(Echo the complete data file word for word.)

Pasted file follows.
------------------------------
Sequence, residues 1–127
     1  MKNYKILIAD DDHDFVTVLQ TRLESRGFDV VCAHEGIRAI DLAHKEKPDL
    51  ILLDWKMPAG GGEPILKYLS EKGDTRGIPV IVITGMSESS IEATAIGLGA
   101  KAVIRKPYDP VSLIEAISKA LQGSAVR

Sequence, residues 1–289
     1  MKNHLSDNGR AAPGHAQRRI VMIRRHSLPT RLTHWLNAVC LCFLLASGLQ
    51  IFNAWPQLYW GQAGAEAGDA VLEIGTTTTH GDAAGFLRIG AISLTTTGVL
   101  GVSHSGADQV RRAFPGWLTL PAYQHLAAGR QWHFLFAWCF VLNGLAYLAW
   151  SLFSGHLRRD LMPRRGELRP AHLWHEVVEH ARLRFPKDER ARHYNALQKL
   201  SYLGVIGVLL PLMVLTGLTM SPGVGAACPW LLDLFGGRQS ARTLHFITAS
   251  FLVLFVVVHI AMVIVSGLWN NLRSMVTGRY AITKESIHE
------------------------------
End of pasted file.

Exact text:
Sequence, residues 1–127
     1  MKNYKILIAD DDHDFVTVLQ TRLESRGFDV VCAHEGIRAI DLAHKEKPDL
    51  ILLDWKMPAG GGEPILKYLS EKGDTRGIPV IVITGMSESS IEATAIGLGA
   101  KAVIRKPYDP VSLIEAISKA LQGSAVR

Sequence, residues 1–289
     1  MKNHLSDNGR AAPGHAQRRI VMIRRHSLPT RLTHWLNAVC LCFLLASGLQ
    51  IFNAWPQLYW GQAGAEAGDA VLEIGTTTTH GDAAGFLRIG AISLTTTGVL
   101  GVSHSGADQV RRAFPGWLTL PAYQHLAAGR QWHFLFAWCF VLNGLAYLAW
   151  SLFSGHLRRD LMPRRGELRP AHLWHEVVEH ARLRFPKDER ARHYNALQKL
   201  SYLGVIGVLL PLMVLTGLTM SPGVGAACPW LLDLFGGRQS ARTLHFITAS
   251  FLVLFVVVHI AMVIVSGLWN NLRSMVTGRY AITKESIHE